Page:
John is the oldest. He was always a scholar, learning to read at an early age. He got to travel all the way from Nebraska to Arizona with Grandma, and he always knew things most adults never even thought of. He was always the neat and tidy one, and liked everything in it's place. He was content to be alone, but grew into a man who loves people, and above all helping people! He always knew what was current whether toys, electronics, or activities. I remember he loved electronic toys, but as soon as the newness wore off, he took them totally apart just to see how they worked, and if he could put them back together. I will not reveal how that worked for him. He loved magic. He spent hours with his magic kit perfecting it's tricks. He mastered Rubic's Cube, and can figure out almost any computer issue his parents have. Later as an adult, he became a collector of comics, classics of course, and other toys. He still can tell you what toys of the past are worth. He completed college, was always in plays, and musicals through high school and college. He is talented, creative, and yet adventurous to the point of bungy jumping! Today, he follows Jesus, and still ministers to anyone who needs his help. One of the memories that stand out was our trip to The Blackhills. After the a day or two, John's Grandma Mary noticed he was always carrying a small brown paper bag. She couldn't resist any longer, and asked him what was in it. Ultra cautious Mary was horrified to learn he carried his money in it. After her lecture on how unsafe that was, she bought him a billfold. I think secretly he preferred his brown paper sack. He is a writer, including doing a column for a local paper, and he is amazing doing anything in media, video, and advertising.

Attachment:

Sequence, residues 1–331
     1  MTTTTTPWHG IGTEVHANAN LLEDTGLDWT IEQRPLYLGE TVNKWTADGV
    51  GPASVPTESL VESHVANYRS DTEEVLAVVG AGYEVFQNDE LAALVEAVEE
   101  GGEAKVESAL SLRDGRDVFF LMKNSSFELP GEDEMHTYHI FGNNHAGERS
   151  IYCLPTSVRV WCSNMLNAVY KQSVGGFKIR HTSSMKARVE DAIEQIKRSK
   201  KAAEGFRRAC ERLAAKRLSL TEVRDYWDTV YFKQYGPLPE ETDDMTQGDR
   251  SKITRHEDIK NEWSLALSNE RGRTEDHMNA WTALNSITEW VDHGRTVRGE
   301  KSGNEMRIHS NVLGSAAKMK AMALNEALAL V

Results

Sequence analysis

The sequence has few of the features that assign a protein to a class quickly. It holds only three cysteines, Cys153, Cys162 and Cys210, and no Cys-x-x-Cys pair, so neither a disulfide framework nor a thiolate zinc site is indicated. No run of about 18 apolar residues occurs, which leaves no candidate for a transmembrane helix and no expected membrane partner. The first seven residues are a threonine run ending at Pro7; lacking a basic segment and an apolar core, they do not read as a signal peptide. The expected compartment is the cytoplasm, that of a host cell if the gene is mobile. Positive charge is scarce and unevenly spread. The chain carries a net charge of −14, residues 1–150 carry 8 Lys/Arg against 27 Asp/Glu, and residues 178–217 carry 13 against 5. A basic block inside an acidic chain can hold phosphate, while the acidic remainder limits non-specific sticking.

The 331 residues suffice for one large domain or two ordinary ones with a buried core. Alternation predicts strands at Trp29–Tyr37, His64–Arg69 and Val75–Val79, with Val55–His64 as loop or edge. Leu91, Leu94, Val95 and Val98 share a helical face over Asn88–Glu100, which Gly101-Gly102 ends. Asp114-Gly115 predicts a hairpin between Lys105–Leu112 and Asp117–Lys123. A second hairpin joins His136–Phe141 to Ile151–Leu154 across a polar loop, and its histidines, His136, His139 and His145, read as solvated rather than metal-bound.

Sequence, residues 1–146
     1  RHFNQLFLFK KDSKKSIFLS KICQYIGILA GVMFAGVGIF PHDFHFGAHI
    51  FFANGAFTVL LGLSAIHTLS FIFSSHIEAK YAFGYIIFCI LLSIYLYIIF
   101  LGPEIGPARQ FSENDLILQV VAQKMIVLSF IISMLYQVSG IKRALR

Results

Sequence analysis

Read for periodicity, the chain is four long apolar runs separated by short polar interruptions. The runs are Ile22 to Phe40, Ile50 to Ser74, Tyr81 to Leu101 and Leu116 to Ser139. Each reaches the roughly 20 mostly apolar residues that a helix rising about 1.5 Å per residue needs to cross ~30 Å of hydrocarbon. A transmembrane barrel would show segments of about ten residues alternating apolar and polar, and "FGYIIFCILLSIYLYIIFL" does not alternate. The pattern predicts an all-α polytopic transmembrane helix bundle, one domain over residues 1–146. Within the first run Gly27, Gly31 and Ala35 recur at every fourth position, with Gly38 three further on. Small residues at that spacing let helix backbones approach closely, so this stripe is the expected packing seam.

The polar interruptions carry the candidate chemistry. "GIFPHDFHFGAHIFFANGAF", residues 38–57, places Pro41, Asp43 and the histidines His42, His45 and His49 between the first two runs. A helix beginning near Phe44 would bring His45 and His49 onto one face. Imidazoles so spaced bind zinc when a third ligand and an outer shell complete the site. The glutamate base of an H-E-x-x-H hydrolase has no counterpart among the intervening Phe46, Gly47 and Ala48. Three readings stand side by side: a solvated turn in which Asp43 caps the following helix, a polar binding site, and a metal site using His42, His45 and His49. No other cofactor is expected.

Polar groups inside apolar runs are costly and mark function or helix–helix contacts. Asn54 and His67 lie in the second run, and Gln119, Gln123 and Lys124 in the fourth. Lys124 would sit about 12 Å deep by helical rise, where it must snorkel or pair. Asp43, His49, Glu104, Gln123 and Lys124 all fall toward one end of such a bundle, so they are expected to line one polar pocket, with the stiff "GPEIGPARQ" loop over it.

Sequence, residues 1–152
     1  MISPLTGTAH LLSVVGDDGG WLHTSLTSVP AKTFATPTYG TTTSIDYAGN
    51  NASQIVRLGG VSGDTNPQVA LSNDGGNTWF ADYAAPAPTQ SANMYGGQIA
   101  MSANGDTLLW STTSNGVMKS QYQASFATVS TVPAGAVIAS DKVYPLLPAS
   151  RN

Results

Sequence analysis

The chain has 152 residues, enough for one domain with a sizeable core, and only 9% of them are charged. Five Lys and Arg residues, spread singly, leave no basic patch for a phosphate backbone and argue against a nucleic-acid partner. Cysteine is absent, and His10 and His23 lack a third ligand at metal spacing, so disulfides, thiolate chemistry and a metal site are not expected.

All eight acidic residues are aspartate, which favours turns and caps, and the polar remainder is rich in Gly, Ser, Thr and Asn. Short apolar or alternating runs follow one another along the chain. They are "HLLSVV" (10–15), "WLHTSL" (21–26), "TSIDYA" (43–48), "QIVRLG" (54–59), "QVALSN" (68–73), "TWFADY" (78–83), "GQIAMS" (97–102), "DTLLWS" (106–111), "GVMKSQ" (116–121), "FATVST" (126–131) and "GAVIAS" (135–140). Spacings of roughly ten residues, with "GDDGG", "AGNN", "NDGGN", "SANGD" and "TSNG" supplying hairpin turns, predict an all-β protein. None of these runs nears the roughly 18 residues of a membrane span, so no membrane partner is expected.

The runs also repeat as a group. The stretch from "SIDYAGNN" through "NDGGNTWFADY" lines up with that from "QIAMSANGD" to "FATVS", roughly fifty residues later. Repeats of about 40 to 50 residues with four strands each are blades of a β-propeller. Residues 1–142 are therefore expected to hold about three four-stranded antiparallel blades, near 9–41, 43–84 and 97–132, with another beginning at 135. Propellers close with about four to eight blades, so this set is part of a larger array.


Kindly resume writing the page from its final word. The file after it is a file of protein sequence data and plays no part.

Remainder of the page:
James is in the middle. He was the adventurous one. He was a boy of a million questions....on everything. If it existed, he wanted to know why, how, and what. He was always unique in many ways. Once when he was very sick, the only way he could rest was with his beloved blanket and Dad laying next to him, so James could twirl a lock of his Dad's hair in his fingers. James loved cars to play with, and he liked Cabbage Patch Dolls. The cool thing is that he has kept most of his favorites, and now his one year old son is playing with them. James loved remote control toys, and as he got older, he had a love for airplanes. We lived within about three or four blocks from the air port in our town. One evening, James disappeared. In a panic, we looked everywhere, but it was only when we remembered the air port did we find him. He walked across a busy highway, because he wanted to just be near the planes. He didn't care if they were landing or taking off, or just sitting in the hangar. Because he was so inquisitive, he sometimes got in trouble. All of us went to an antique show, including Grandma Mary. We warned all three children to not touch anything. After awhile James couldn't resist. He began picking up glassware of all things. Grandma Mary told him to put his hands in his pockets, so he wouldn't be tempted. Curiosity overcame that, so we decided to buy him something, to occupy his hands. We found a metal top, and gave it to him. Grandma Mary was looking at it, and discovered it was made by The Gibbs Toy Company. We immediately took it from James, deciding it was too valuable and special to be played with. His wise words of course were, "Next time you buy me a toy, make sure it doesn't have our name on it!" The scariest times for us was when James tried Bull Riding. Needless to say he was injured several times, got back on in true PBR (Professional Bull Riding) style) The last ride was a very serious injury and ended that career. Bike riding then became his passion, and still is including his little son and his wife.